Mercury Steam’s crowd-pleaser prepares to go contemporary, and certainly doesn’t lack ambition. Catherine Cai fangs Dave Cox and Enric Alvarez for the future memories.
“Don’t worry, we’re putting the same care. Even more. Because now we have a free camera and we need to build 360 degrees around the character. This was probably the most important challenge we faced in this game, because we have to keep the quality even higher. At the same time, we need to build ten times more polygons and textures than in the first game. Yeah, it’s going to be a city and it’s going to be a castle.”
Despite popular conception, sequels, or at least good ones, aren’t easy to make. There are always expectations to live up to. A sequel must be able to appease old fans, juggle a storyline that’s simple enough to draw in new fans, and bring in new mechanics that keeps the experience fresh… but not so fresh that it’s completely unlike the first.
Mercury Steam and Konami had quite the challenge ahead of them with Castlevania: Lords of Shadow 2. Developing the sequel to such a large and ambitious game isn’t an easy task. Then again, if easy was what Mercury Steam was looking for, it wouldn’t have taken on the mountainous task of rebooting a franchise with as rich a history and big a fan base as Castlevania. And rather than re-tell the age-old tale of a Belmont storming Dracula’s castle to defeat him for yet another generation, Mercury Steam steam decided to give the series a new focus on Dracula himself.
So really, it shouldn’t come as much of a surprise that Mercury Steam’s vision for Lords of Shadow 2 is ambitious. The original was already an enormous game—one could easily sink in twenty hours into the game even when avoiding exploration. The developer decided to think even bigger and made Lords of Shadow 2 an open world game, a change that was in response to an overwhelming fan response for increased exploration options in the game. Unfortunately, the gameplay demo that was shown off at the Konami booth at E3 didn’t showcase the open world options, as it was restricted to the tutorial level that occurred in Dracula’s castle, which really didn’t offer up many chances for exploration. I had a chat with producer Dave Cox and Mercury Steam co-owner Enric Alvarez to discuss the changes that they had implemented to offer a better Castlevania experience for the sequel.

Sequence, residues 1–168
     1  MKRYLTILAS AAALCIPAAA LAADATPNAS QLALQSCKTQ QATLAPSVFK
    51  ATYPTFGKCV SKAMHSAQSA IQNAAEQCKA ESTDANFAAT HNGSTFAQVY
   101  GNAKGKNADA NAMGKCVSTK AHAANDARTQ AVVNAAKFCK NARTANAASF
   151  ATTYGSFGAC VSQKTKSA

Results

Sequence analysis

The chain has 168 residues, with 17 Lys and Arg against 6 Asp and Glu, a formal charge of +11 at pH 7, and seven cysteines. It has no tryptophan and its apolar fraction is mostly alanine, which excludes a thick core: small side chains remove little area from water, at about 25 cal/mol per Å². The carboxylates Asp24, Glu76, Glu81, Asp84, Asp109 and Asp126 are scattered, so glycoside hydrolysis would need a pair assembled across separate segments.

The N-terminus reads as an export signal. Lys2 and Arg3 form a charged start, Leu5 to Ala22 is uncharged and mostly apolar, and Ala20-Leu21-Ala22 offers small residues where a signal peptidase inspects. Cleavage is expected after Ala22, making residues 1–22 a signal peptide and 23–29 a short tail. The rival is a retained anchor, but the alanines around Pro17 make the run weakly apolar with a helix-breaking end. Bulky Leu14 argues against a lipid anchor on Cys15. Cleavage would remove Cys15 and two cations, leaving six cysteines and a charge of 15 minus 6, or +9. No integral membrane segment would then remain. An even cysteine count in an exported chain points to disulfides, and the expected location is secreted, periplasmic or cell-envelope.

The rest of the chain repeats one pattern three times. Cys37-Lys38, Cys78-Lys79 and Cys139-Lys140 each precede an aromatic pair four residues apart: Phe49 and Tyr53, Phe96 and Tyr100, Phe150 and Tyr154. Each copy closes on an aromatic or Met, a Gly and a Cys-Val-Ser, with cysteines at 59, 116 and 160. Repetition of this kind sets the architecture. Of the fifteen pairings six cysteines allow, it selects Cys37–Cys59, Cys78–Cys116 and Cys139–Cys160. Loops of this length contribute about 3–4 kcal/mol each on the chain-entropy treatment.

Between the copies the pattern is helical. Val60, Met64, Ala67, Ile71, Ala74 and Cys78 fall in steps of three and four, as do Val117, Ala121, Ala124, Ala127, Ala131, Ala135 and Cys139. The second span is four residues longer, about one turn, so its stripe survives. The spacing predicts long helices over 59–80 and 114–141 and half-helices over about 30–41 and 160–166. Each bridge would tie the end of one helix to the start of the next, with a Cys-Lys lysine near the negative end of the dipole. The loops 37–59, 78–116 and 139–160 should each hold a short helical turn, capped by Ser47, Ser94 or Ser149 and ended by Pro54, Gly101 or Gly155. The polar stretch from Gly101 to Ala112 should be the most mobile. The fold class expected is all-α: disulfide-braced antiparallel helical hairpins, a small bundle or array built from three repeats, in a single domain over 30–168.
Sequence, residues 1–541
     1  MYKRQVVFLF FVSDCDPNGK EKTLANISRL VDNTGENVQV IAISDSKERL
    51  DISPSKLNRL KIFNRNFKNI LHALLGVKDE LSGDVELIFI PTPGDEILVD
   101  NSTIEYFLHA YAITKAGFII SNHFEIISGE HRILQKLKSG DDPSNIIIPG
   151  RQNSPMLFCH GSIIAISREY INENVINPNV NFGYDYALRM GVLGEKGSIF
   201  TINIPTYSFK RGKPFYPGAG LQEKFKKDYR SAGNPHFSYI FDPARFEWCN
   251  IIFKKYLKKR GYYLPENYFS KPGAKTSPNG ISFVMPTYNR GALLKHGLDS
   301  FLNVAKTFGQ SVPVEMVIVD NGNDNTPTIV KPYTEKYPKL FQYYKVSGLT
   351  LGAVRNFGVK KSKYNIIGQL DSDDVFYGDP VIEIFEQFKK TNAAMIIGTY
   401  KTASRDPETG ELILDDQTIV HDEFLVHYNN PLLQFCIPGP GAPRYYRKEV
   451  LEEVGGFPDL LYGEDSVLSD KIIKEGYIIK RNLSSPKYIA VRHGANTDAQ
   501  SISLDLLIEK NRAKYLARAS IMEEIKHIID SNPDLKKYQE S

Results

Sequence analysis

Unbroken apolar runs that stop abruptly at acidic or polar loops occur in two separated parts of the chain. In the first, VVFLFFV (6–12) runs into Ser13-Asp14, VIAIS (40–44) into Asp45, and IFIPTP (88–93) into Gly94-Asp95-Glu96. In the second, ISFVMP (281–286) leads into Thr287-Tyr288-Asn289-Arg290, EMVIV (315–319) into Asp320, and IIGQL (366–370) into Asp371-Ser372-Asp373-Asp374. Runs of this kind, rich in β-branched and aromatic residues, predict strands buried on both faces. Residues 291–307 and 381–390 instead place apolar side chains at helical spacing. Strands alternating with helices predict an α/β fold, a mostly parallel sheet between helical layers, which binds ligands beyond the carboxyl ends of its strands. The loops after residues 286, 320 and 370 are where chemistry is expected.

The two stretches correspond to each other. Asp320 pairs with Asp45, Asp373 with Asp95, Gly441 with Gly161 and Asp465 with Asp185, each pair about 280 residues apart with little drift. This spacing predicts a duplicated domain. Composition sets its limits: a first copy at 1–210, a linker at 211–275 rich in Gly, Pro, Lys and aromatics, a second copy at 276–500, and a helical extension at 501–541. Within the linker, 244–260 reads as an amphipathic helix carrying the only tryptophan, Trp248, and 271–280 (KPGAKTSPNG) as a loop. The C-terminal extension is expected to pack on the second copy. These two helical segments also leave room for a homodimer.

Combat mechanics and the open world
“People really like the strategic combat, the light and shadow magic,” said Cox. “People said that they wanted a bigger exploration aspect. They wanted to have the platforming be quicker, more responsive, more interesting… more things to do in terms of platforming and exploration. So this was something that we were aware of when we finished the first game… something that we decided to tackle on this particular game. We wanted to improve those aspects. We wanted to refine and build upon the combat, but make the exploration side of it a bigger priority. That really meant going back to the drawing board in terms of our technology, in terms of the engine, and starting the engine from scratch.”
For the most part, despite the open world aspect of the sequel and the re-worked engine, Cox explained that the combat mechanics were largely similar. “You have the Void Sword and the Chaos Claws,” he said. “They play a very similar role to the light and shadow magic. We had them in the previous game. They have a lot more depth. So the Void Sword, what is used to recoup health, and the Chaos Claws, which are used to dish out damage but also to break enemy’s defenses—these additional weapons also have their own combos attached to them as well, which is something you didn’t have in the previous game.